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The 2012 Daylily Flower Show

Behnkes was pleased to host the National Capital Area Daylily Club’s Annual Daylily Flower Show again this year – we naturally love hanging out with plant people.

The various classes of competition included the sizes (miniature, small and large), doubles, unusual forms, spiders, designs with daylilies, and “off-scape.”  That last one refers to flowers with no stems, which means the competitors don’t have to worry about unsightly spent blooms or other grooming issues involved with whole stems.  Below are three classes of daylily flowers displayed off-scape for judging.

The State of Daylily Clubs and Shows
Nationally, membership in the American Hemerocallis Society is now about 7,500, down from over 12,000 just a few years ago.  The local National Capital Daylily Club has similarly seen a drop in membership, from over 300 to its current roster of 138 members.  The number of entrants in their annual shows has also declined over the last decade or two.

So, why is that?  It may be that gardeners are more interested in growing vegetables, or among ornamental plants they’re growing a large variety of plants rather than collecting just one.

Loyal Fans of Daylilies
Daylilies perform well in the toughest spots

On the Popularity of Daylilies
The plants themselves are as popular as ever, especially the heavily  marketed ‘Stella d’Oro’ and ‘Happy Returns.’  We hear less about any of the other 70,000 varieties because, as one member explained, they’re only marketed if they’re patented, and that’s a very expensive process to undertake.  But that doesn’t keep breeders from producing hundreds more every single year – a testament to how easy daylilies are to hybridize.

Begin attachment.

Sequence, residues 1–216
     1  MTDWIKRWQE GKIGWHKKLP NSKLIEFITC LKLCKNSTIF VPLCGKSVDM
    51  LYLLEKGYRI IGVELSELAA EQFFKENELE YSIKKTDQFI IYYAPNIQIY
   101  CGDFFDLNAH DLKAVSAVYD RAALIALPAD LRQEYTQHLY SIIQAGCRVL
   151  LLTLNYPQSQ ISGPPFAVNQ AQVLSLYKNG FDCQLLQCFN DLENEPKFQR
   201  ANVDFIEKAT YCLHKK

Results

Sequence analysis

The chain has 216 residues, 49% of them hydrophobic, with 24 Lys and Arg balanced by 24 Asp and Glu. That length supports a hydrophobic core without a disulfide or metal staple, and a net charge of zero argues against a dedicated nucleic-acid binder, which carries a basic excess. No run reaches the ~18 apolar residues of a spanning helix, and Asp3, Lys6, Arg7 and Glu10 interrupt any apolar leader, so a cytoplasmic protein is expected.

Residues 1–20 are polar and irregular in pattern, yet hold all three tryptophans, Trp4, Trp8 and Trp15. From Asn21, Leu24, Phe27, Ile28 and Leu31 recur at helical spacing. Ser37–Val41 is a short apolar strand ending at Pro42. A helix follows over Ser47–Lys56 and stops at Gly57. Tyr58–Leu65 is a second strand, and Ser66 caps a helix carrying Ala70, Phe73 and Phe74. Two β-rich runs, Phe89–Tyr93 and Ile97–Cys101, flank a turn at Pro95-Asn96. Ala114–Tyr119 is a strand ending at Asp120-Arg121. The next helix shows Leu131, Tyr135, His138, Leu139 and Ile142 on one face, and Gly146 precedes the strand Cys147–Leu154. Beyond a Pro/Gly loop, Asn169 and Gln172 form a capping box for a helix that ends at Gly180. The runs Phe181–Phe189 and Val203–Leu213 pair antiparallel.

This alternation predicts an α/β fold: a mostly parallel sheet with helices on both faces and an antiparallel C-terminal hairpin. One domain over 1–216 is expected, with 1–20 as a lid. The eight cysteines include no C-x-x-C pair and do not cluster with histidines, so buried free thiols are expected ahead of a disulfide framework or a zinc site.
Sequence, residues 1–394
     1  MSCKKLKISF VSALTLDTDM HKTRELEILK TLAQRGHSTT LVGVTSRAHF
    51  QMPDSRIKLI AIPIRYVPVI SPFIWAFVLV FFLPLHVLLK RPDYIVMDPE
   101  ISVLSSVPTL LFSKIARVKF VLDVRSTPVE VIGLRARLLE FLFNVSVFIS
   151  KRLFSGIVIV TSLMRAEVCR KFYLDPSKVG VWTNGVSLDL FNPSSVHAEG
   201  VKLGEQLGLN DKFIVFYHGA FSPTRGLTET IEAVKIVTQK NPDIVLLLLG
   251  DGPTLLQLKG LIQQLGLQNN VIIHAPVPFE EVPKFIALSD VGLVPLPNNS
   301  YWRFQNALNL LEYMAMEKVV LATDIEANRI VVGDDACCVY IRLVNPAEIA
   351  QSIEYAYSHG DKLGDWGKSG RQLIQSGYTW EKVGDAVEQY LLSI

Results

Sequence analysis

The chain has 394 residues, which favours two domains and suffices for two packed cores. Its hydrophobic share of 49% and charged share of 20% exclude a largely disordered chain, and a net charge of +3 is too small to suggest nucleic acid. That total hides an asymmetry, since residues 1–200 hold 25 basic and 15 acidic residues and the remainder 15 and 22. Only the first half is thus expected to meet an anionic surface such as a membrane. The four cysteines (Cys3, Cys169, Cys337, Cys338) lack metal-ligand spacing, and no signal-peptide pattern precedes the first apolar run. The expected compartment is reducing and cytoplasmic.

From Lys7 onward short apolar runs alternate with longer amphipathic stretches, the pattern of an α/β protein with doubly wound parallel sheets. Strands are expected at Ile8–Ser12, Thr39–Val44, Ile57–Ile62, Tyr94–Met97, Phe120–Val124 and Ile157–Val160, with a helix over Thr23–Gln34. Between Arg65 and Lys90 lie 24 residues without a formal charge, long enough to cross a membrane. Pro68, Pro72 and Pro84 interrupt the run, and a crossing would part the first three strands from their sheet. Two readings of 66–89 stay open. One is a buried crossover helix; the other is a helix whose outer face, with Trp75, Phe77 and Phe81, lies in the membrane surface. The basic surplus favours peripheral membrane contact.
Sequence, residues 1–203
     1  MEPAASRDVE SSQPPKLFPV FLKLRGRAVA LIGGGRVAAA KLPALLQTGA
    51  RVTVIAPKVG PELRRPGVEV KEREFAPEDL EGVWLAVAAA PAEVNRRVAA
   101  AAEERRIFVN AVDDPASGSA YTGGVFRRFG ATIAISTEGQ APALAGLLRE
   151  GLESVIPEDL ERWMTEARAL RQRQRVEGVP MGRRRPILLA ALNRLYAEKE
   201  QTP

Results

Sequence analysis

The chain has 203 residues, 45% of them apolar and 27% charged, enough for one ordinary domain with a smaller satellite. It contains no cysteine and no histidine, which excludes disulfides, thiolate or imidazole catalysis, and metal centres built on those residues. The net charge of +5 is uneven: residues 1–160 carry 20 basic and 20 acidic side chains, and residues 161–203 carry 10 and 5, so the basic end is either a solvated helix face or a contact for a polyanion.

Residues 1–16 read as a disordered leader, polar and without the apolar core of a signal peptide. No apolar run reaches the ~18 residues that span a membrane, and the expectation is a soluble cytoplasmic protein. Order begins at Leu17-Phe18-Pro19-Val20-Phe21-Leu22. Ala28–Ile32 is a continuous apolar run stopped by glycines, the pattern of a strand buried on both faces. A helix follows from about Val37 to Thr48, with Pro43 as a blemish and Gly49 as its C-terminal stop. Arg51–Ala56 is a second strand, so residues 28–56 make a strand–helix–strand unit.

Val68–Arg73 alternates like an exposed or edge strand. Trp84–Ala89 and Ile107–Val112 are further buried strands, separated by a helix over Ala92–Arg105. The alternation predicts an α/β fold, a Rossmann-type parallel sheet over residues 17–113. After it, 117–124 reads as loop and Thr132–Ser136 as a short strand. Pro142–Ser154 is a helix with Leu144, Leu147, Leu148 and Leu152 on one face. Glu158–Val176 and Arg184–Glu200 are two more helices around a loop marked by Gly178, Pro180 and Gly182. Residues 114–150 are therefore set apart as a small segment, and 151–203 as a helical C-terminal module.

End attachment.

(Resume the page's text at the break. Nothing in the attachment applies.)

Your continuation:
For today’s gardeners looking for low-maintenance, drought-tolerant, pest-free perennials that require little yet give back a lot, daylilies are a great choice.  Though nonnative, only the common orange “ditch lily” has ever exhibited invasive properties; the other 70,000+ varieties are worry-free.

Artists at Work

The design competition displays so much inventiveness and sense of fun, we can’t resist showing off an assortment for your enjoyment.

Posted by Susan Harris.


Stephanie Fleming was raised at Behnke’s Nurseries in Beltsville. Her Mom, Sonja, was one of Albert & Rose Behnke’s four children. She was weeding from the moment she could walk and hiding as soon as she was old enough to run, so many weeds, so little time. Although she quickly learned how to pull out a perennial and get taken off of weed pulling duty.

This Post Has 2 Comments

  1. One reason for the decline in membership in daylily societies might be the huge rise in the deer population. Except for the Stellas they eat every daylily I plant, and it is discouraging.

  2. I have found by various surveys among our area of the US that interest in gardening is “Interest In Gardening” and not necessarily the single plant. We have combined our Daylily Club, Triad Daylily Fans and Garden Club because we have diverse gardening interests. We all would like to know about Flower Arranging for example which within the National Garden Club,Inc. the membership allows us access to those talented persons to come and present a program, or whose program we can attend via the dual membership we have chosen to participate in. There is the AHS membership and club dues membership, then a separate local or regional Ntl Garden Club,Inc via that club dues and then again the state membership dues. So many individuals like the Master Gardener realizes that the funds spent on one plant isn’t as much fun, diversity, however they enjoy the entire gardening pursuit. Just my opinion.

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